LOS ANGELES -- Dave Roberts was willing to write off Alex Wood's disastrous start on Wednesday night to one nasty case of food poisoning from bad sushi in San Francisco.The Dodgers manager, however, wasn't as forgiving of some of the relievers that followed Wood and helped fuel a 16-6 blowout
LOS ANGELES -- Dave Roberts was willing to write off Alex Wood's disastrous start on Wednesday night to one nasty case of food poisoning from bad sushi in San Francisco.
The Dodgers manager, however, wasn't as forgiving of some of the relievers that followed Wood and helped fuel a 16-6 blowout loss to the Oakland A's at Dodger Stadium.
Wood allowed seven runs on seven hits in 3 2/3 innings, having never really recovered from the lingering intestinal havoc caused by Friday night dinner with teammate Cody Bellinger, who also got sick.
Wood, however, got sicker. His routine already off-kilter from scheduling quirks, he was unable to throw a bullpen session on Sunday in San Francisco. The club tried to buy time by pushing back his start from Tuesday to Wednesday and was cleared after throwing a short bullpen session on Tuesday.
"I was good enough to go, I just wasn't very good from start to finish," said Wood, who hadn't pitched for a week. "It was just bad, just one of those days. Didn't make good pitches when I needed to. I thought it would be fine but it turned out not so good."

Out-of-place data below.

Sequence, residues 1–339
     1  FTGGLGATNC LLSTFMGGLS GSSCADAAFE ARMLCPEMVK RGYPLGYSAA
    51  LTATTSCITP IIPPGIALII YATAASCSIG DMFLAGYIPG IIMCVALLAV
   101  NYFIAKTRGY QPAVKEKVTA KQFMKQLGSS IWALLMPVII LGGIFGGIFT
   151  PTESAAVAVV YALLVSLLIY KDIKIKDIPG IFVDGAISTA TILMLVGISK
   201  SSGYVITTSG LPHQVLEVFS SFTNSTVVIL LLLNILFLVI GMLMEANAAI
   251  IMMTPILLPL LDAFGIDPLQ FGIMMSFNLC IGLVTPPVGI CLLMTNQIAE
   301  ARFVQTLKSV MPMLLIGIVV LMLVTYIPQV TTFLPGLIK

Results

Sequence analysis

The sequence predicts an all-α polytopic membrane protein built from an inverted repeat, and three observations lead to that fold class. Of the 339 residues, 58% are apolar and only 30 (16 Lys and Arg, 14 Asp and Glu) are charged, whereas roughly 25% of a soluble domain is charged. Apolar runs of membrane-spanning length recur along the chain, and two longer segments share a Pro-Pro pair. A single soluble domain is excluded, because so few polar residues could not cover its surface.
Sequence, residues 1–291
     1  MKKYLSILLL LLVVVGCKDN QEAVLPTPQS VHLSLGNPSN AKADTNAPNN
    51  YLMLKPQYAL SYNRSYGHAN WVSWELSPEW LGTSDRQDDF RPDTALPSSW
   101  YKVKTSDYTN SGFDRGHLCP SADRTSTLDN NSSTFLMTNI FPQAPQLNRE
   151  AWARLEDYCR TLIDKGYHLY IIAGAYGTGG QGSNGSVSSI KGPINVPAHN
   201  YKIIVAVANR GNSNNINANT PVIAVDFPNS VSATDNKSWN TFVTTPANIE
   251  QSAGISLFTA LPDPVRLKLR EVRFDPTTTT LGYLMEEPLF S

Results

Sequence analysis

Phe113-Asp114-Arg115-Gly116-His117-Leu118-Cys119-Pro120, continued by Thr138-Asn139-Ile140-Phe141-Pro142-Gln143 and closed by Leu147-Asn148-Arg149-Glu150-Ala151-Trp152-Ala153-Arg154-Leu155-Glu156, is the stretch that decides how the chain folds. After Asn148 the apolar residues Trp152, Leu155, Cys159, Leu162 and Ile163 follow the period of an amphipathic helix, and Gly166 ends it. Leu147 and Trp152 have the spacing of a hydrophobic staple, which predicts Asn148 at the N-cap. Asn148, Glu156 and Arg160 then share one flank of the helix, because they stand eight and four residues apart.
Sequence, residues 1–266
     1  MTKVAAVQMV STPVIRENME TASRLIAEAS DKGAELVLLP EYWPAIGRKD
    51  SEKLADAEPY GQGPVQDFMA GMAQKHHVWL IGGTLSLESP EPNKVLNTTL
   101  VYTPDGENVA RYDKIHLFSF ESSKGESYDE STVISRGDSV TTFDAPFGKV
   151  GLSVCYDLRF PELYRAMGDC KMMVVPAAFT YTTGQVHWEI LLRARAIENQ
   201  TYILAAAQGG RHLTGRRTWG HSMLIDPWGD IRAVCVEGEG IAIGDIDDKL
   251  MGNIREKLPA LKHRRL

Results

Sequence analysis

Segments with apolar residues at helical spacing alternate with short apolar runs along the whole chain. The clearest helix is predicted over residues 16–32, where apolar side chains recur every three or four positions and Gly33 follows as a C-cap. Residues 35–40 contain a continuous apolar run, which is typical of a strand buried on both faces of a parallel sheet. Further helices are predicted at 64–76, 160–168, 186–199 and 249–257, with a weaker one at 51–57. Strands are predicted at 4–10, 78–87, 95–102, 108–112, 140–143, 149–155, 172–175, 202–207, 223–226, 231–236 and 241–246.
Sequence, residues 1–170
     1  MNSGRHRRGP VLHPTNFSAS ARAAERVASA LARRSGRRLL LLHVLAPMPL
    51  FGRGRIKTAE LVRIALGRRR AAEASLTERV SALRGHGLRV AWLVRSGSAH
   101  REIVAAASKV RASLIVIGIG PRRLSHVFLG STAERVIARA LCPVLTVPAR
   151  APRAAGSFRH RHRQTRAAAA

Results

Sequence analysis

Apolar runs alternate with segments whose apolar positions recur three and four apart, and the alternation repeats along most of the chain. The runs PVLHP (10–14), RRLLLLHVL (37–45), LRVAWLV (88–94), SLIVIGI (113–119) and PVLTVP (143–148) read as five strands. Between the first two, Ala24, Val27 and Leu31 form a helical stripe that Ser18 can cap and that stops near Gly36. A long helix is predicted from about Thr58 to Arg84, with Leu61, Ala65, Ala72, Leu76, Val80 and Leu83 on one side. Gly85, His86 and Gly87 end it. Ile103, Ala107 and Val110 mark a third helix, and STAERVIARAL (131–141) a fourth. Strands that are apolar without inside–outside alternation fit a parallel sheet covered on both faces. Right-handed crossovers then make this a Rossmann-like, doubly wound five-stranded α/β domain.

Wood had an excuse, even if he didn't want to use it. The continued struggles of relievers Scott Alexander and Wilmer Font are different issues entirely.
Alexander, acquired in a trade from Kansas City, hasn't looked anything like the high-leverage lefty the club thought it was getting. His ERA, 2.48 last year, is 10.38 so far in '18. He's already issued six walks in 4 1/3 innings and uncorked a pair of wild pitches in this game, after a Spring Training with five walks and four wild pitches in nine innings, and Roberts conceded he's concerned.
"Scott is a guy that throws a heavy dose of sinkers to the bottom of the zone. A guy like that you'd expect to be efficient and pound the zone," said Roberts. "Right now, he's having a hard time getting ahead of hitters and being consistent in the strike zone. There were some scuds out there tonight, where he's working through some things mechanically. I can't speak to the confidence. It's in there. We've seen it from the other side. We've got to run him back out there and regain that confidence."
Roberts didn't say anything about running Font back out there after watching him give up home runs to Matt Chapman and Jed Lowrie among the six hits and six runs he allowed on Wednesday. Font made the club because he has a big arm and he's out of options. He's also been a professional for 13 seasons without pitching effectively in the Major Leagues. In four appearances this year he has a 13.50 ERA, having allowed 15 hits in 7 1/3 innings, including three homers.